Suppose you pay for a cruise and then the sailing doesn't take place? How much protection do you have for your money?
Beefing up protection is in the offing for some sailings, although the cost of such extra security might be passed to the consumer.
At present, cruise lines that take on passengers in U.S. ports, and carry at least 50 passengers on their ships, must--under federal law--file a bond or other financial proof with the Federal Maritime Commission, assuring full refunds if sailings are canceled.
The current lid for surety bonds or other financial proof is $10 million. But the FMC thinks this amount might be inadequate for some larger lines, and so has a proposal to remove the lid and have the bond go as high as needed.
Several factors played a part in proposing that the level of protection be raised, including inflation and some key changes in the marketplace affecting cruises, all of which add up to the cruise lines holding more and more consumer funds for future sailings.
For starters, more cruise ships are operating now. Many more ships have been built, while other vessels have been stretched and renovated to increase passenger capacity. And new liners are under construction.
In addition, there has been consolidation among the cruise lines. Lines usually used to have only have a few ships, but today some have substantial fleets.
There has also been a general increase in fares, with rates tending to go up annually. Many passengers plunk down their money for cruises months ahead of sailing dates. Most lines want full payment at least 30 days before sailing.
Another factor is that many cruise lines offer early booking options, with financial incentives for travelers to make their reservations months in advance of sailing dates.
"More and more passengers are booking early to take advantage of these types of plans," said Rod Seeley, president of Cruise Pro, a Westlake Village agency specializing in cruises, and a first vice president of the New York-based National Assn. of Cruise Only Agencies.
The FMC proposal also calls for more stringent reporting rules about how much money in passenger funds that cruise lines hold for future voyages. Now, lines covered by the FMC have to file such a report for six-month periods. If the proposal is approved, this requirement would be amended so that lines would have to file a statement for each month during that period.
The proposal also calls for periodic adjustment of the bond amount, based on money received for future sailings.
Critics of the FMC plan believe that large lines are unlikely to go out of business, thus the real danger is pricing out small start-up companies from entering the cruise market, thereby reducing competition.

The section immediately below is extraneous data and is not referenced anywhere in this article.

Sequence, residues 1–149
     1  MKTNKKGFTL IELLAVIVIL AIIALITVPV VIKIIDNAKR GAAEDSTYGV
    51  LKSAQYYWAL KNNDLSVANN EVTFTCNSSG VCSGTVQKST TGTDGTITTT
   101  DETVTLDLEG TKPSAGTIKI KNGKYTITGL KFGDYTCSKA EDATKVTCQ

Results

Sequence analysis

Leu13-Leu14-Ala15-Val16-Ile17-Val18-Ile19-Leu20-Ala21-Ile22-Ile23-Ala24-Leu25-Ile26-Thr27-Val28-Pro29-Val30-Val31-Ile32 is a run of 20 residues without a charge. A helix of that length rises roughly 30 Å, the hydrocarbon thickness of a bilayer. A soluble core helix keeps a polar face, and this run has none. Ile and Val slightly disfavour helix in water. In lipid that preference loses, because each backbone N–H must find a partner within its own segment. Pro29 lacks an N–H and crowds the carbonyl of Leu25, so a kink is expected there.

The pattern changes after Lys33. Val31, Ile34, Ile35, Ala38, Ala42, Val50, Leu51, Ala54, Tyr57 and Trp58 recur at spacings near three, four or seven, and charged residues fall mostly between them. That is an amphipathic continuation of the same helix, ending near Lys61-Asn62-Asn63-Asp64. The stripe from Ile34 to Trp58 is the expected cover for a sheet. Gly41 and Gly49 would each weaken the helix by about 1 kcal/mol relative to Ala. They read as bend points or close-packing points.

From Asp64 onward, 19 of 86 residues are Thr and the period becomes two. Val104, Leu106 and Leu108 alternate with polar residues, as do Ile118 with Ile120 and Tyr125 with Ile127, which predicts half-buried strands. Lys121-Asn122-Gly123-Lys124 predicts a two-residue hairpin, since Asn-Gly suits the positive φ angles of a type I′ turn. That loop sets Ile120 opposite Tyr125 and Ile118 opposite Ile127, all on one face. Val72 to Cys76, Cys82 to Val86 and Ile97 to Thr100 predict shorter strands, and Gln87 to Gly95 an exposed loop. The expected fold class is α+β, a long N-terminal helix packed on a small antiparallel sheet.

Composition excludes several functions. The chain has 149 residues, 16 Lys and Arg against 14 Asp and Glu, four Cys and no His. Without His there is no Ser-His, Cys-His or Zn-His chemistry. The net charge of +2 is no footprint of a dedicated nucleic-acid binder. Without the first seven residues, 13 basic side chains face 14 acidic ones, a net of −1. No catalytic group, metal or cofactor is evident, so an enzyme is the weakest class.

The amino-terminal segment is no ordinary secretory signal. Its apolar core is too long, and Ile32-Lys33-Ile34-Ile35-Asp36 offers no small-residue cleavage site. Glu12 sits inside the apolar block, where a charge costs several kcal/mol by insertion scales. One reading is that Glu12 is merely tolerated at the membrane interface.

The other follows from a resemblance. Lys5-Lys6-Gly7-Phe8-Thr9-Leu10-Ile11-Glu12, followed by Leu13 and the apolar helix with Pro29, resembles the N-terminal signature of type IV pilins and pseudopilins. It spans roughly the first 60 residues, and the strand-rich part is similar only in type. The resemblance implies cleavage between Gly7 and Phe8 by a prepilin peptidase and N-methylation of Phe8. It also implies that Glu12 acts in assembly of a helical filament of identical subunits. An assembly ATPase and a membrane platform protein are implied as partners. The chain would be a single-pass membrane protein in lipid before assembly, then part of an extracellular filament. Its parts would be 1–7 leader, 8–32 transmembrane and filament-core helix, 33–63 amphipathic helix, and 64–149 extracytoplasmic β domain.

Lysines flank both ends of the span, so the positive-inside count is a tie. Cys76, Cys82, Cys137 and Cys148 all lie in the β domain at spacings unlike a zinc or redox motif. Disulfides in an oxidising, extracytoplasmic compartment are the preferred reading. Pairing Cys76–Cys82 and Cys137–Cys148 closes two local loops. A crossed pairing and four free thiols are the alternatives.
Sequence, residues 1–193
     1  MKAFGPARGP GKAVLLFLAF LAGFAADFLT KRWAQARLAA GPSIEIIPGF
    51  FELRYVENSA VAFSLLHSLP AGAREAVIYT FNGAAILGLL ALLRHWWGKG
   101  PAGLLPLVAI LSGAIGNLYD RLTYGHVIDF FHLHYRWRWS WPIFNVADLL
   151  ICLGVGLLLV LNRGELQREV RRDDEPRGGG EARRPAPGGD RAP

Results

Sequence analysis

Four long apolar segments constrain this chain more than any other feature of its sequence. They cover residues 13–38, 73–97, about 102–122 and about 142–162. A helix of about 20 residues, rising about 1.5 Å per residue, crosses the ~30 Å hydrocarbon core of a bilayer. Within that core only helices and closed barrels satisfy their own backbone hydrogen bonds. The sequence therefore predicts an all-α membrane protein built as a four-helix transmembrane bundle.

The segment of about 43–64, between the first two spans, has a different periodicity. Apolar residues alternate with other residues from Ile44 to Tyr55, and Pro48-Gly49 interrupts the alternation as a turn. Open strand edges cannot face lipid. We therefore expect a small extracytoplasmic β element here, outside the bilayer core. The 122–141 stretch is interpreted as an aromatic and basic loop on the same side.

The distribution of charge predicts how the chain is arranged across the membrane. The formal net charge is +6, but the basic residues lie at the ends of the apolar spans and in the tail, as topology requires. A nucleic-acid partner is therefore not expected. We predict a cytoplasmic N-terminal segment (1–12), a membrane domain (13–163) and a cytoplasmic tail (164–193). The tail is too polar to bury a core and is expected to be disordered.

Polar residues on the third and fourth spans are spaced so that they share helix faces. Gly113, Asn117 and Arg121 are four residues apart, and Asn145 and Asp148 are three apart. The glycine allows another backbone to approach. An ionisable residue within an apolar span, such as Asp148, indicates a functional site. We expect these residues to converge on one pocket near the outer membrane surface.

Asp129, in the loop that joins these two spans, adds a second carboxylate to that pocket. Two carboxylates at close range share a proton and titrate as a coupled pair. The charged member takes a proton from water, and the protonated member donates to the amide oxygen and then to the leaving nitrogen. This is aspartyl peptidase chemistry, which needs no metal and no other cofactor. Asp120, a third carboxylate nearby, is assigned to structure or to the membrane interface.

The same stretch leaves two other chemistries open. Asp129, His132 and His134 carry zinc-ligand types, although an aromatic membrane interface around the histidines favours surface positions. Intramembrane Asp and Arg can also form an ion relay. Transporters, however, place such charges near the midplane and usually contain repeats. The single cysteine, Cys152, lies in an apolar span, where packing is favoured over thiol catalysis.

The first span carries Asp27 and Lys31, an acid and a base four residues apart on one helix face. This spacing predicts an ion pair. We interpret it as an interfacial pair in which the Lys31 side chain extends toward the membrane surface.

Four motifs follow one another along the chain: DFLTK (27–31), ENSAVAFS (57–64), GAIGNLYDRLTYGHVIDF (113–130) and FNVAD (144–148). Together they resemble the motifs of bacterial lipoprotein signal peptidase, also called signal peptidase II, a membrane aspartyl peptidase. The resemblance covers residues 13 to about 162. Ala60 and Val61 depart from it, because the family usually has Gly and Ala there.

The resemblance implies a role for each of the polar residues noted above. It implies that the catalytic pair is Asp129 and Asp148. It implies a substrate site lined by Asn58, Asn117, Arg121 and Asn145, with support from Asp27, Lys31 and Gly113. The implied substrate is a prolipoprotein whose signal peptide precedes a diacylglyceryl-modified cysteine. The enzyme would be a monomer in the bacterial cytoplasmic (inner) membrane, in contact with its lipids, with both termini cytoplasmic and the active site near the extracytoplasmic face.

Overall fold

"Larger companies might need larger bonds," said Bryan Van Brakle, an FMC spokesman. "Technically, there's no cap. It depends on the unearned revenues each cruise line is holding."
On this basis, larger lines might have to post bonds that could go up to $25 million or $50 million, said Art Rodney, president of Los Angeles-based Crystal Cruises. "The amount of the bond could be astronomical. Maybe $10 million is too low in today's market, but I'm not in favor of an open-ended bond. You can't protect every dollar. The bond has to be realistic. As the bond goes up, the consumer will pay for it. That's for sure."
Agreed Seeley: "Higher bonds will mean more secure deposits for consumers, but on the negative side it will raise tariffs to offset the cost of the bonds."
"I don't see the need for raising the level," said Warren Titus, head of San Francisco-based Seabourn Cruise Line. "I think it's overkill. I think $10 million is adequate for the type of problems we've seen in the past. The bigger lines are financially sound, and it's very remote that any would go under. It's the smaller, newer entries that haven't succeeded."
Arguing that the larger bonds "can only help consumers," Michael Grossman, president of Cruises of Distinction, a Montclair, N.J., cruise discount company, added: "There have been cases where lines have stopped operations and consumers have gotten less than 100 cents to the dollar. If the cost is passed on to the consumer, it's still worth having the extra protection. But it's really the small and new lines that need attention, not the big lines.
"Higher bonds will raise the barrier entry for new cruise lines, but if getting a bond is a problem, they shouldn't be in business in the first place. The bond is a small element of the total investment of starting a cruise line."
Remember that ships that don't pick up passengers at U.S. ports are not regulated. For example, if you go on an air-sea cruise, for instance fly to Lisbon to embark on a Mediterranean sailing, you're not necessarily protected by the FMC-imposed bond if your ship fails to leave port for some reason.
"We don't have jurisdiction," Van Brakle said.
Other sailings, from one foreign port to another, including ports of call in the Caribbean, are filled with American passengers whose payments for these cruises may not be covered by the financial proof required by the FMC.
Said Brakle: "A passenger could fly from Miami to Jamaica and then sail on a cruise to other Caribbean ports and South America without being subject to the FMC."
The general public has until April 4 to send in comments on the FMC proposal. Write to Joseph C. Polking, Secretary, Federal Maritime Commission, Docket 90-1, 1100 L St. N.W., Washington, D.C. 20573.